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  • Benjamin Paldacci Guitars

A soundboard's topic: different spruces, the difficulty to recognize them, and criterias of choice.


In this article, I will talk again about the spruce I'll chose for my soundboards. Yes, this is a thing and some kind of "personal kink" because this is the engine of the instrument. So, IMHO, this is the most important part of a guitar.

2013, British Columbia.

My experience with wood, started early in my carrer. As I had the opportunity to build my own workshop just after school, I bought wood since April 2013. Let's admit that I knew nothing, and my knowledge was incredibly small. With the help of my beloved suppliers and many colleagues over the years, I've been able to learn a lot. All of that, brought me to these thoughts: What is important to me? How could I surely recognize Lutz, from Sitka? Which kind of spruce would fit with me? ... and many more questions.

When you have spruce in front of you

I basically had thousands of soundboards in my hands. Many were bad, acceptable, good, great, or insanely good... for me. Every builders have their criterias of choice, and I know that every one of us have an unique approach in terms of built. It is the same when comes the time to chose our woods. Personally, I try to be open-minded and to accept the fact that I could be surprised, and to get out from my comfort zone. Just after my graduation from the National school of Lutherie of Quebec (ENL), I had the opportunity to travel to British Columbia to select some amazing Sitka Spruce. The good thing is that I wanted to learn a lot, I was like a sponge who wanted to absorb everything I could (still these days...). So, I ended with a very nice stash of soundboards to build instruments... and even if I won't take some of them with my "today's criterias" (I am not fond of bearclaw anymore), my selection was pretty good. After that, I visit a lot of other builder's workshop where I had the privilege to see their woodstash, a couple of supplier's warehouses & tables at guitarshows... and with that, I had been able to refine my taste. These opportunities showed me that I had so many preconceived ideas, and that there are so many different kind of spruces, even in the same species. Back when I paid a visit to Bachmann's booth at Cremona Mondomusica 2017, I had 300 of their soundboards in my hands... and I selected only 3 of them. The reason? I am a very picky person, and I know what I want. Are the other 297 soundboards were bad? Not at all. Would they be great for other builders? Definitely. Same thing with Gams Tonewood, when I paid a couple of visit to the great Steve Gosselin. He gave me the opportunity to put my hands over hundreds of sounboards & bracings (yes, braces are as important as the top for me). It allowed me to increase my knowledge, experience & expertise, which is gold for me. This is how, I could become a better builder!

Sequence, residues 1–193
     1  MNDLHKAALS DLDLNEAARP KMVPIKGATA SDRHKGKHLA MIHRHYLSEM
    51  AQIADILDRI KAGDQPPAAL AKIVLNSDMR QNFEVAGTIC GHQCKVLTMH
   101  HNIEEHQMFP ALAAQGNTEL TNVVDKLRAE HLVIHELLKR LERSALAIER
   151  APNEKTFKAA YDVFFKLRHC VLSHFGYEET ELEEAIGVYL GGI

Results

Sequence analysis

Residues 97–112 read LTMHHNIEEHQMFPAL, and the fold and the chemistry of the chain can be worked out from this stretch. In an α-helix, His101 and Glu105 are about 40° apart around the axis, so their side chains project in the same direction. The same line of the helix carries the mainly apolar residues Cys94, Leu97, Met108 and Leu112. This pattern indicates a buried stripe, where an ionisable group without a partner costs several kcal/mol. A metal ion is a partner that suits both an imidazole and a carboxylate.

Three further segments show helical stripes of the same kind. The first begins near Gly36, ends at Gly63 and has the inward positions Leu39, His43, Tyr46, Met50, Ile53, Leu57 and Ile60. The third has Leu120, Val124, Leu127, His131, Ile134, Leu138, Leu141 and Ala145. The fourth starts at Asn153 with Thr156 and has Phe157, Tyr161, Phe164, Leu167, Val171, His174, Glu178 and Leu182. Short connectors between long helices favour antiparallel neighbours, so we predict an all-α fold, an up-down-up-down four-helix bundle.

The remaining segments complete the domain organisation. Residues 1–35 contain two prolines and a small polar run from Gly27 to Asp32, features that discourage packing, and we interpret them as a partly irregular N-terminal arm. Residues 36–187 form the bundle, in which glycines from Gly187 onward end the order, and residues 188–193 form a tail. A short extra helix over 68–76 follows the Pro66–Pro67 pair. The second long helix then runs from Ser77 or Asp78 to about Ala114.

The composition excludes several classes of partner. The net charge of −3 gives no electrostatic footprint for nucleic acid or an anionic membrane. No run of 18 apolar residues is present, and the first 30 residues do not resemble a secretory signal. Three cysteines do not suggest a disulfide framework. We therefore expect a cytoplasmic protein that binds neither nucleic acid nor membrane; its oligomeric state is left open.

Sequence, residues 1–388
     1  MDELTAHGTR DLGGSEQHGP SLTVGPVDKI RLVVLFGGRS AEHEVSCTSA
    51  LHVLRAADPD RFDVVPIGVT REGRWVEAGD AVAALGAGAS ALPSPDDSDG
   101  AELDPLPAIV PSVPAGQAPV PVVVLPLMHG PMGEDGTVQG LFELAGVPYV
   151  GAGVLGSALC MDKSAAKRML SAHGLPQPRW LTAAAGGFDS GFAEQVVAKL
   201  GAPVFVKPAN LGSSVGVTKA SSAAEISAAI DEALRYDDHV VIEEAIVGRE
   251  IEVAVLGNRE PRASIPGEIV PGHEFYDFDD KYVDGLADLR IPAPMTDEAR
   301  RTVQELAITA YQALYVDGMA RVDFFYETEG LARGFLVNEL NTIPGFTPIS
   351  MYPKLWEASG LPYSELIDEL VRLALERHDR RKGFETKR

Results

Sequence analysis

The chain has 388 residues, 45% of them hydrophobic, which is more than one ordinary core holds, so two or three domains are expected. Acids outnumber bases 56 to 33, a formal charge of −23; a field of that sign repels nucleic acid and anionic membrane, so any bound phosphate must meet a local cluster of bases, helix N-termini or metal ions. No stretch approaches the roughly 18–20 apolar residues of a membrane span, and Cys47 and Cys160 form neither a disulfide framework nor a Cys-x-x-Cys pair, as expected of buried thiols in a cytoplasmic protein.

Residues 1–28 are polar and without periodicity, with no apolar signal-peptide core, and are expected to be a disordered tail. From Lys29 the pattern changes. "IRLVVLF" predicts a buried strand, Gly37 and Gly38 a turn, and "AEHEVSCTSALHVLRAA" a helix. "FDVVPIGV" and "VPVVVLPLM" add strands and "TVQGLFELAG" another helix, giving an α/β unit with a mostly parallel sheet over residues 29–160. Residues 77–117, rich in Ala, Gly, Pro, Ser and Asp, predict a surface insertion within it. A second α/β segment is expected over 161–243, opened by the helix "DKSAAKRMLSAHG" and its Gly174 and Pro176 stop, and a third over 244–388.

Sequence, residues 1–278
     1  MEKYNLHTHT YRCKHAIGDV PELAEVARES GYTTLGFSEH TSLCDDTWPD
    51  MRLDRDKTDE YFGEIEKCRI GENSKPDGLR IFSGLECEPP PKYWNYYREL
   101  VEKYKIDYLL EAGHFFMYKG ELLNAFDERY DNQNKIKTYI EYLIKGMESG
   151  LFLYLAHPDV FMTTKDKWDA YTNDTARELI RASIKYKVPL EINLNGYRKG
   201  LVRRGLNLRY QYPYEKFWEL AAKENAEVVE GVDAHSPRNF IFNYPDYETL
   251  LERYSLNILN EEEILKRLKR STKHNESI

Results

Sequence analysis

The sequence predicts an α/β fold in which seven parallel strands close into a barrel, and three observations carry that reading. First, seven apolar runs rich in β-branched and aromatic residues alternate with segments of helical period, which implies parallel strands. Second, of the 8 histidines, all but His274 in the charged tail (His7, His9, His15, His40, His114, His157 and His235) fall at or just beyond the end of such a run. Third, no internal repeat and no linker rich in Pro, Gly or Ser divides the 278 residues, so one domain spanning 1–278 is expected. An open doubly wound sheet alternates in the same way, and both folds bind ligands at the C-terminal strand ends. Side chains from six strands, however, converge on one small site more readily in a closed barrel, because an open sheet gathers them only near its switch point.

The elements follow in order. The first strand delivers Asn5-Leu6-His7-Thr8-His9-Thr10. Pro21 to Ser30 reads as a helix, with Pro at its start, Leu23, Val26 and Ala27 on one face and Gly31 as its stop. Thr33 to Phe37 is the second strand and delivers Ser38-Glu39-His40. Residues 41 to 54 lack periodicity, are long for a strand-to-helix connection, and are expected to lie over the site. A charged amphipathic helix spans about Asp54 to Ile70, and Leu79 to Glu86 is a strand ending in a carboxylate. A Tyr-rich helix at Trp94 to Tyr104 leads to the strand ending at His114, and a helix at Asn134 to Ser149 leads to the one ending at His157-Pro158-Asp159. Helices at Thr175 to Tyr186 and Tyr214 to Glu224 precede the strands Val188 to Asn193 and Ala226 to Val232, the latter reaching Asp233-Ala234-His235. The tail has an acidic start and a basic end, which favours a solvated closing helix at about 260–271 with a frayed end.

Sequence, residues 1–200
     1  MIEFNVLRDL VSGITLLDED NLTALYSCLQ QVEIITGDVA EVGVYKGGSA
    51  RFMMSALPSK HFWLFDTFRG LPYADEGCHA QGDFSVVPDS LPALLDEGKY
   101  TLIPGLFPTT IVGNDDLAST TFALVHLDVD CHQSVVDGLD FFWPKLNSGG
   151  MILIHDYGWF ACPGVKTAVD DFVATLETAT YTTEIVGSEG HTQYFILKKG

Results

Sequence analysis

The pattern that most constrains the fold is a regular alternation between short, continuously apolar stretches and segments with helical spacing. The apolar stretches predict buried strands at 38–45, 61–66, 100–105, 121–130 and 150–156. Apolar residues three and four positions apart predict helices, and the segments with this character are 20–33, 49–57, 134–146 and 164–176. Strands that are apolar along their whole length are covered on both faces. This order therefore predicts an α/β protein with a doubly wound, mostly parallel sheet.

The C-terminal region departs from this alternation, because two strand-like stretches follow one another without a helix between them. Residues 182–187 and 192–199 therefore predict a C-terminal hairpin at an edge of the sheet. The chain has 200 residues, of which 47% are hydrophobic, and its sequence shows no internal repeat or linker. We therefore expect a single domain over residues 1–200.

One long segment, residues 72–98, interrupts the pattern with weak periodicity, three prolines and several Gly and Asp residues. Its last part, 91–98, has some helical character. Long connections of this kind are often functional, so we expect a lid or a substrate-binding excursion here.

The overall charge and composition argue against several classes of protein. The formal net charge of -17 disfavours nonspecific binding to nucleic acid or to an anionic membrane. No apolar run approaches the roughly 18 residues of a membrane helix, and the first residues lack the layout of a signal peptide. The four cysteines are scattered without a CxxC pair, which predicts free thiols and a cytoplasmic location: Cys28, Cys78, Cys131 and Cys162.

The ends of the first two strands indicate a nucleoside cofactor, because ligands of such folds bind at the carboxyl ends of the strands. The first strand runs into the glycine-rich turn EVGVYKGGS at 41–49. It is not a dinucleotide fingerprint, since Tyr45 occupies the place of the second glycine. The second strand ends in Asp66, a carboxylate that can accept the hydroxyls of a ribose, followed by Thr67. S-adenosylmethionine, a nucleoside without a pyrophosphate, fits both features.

For you (luthier or customer), what is the most important in a soundboard? "Terroir", or mechanical properties/look?


I am asking this question to myself, for years know... after all, Spruce AKA Picea is a big family.

As you'll see in the next pictures, you could be easily fooled by different kind of spruces, even from the same kind... and some of them don't fit with the aesthetic-canons/mechanical properties of their species.

Left: Sitka Right: Sitka Bearclaw

Left: Carpathian

Right: Adirondack


Left: Sitka

Right: Swiss

Let's pick Sitka. In many people's mind, it is heavy, incredibly stiff, and "pinky" in terms of color. Well... if you find a soundboard as light & flexible as European, would you chose it? How would it sound? How could you brace it, to obtain the "sound signature" of sitka? IMHO, you just have an amazing piece of spruce in your hands. When a customer come to me, the first thing I ask to him/her is: "what is YOUR sound?". I have the luck to keep a lot of different spruces in my woodstash (I am doing the same for hardwoods, but this is another subject), and I am able to chose the best option for him/her. Some people, don't like X or Y wood because they know it won't fit with them. This is totally ok, but I always try to explain to them that they could be surprised with the wood they hate. That's why I am talking about "terroir". I am french and my family love to drink some wine. I can't count the number of times we came to visit unknown vineyards for the first times... and blown away by the quality of what we found there. Bourgogne, Bordeaux, Beaujolais... they are well known designations. Do they smell & taste the same? Not at all. Well, spruce is like wine: you could be surprised, even by the less-fancy ones (hello Sitka!) To complete this humble "analysis", I would say that you now know why I always chose my soundboards in person for a number of years now. There are some exceptions like the 3 Redwood-tops I bought from LMII a couple of months ago, because my customer absolutely want one (I can't travel for a small amount of pieces like that...) but when I am traveling for sounboards, I take all the time I need to find the perfect ones for my instruments. The criterias I want for my soundboards are really precise & important, and Spruce is really expensive... because all of that, even if traveling is a lot of money... I refuse to buy my tops if I can't flex, weigh, and feel them in person before to buy it.

Benjamin Paldacci Benjamin Paldacci Guitars

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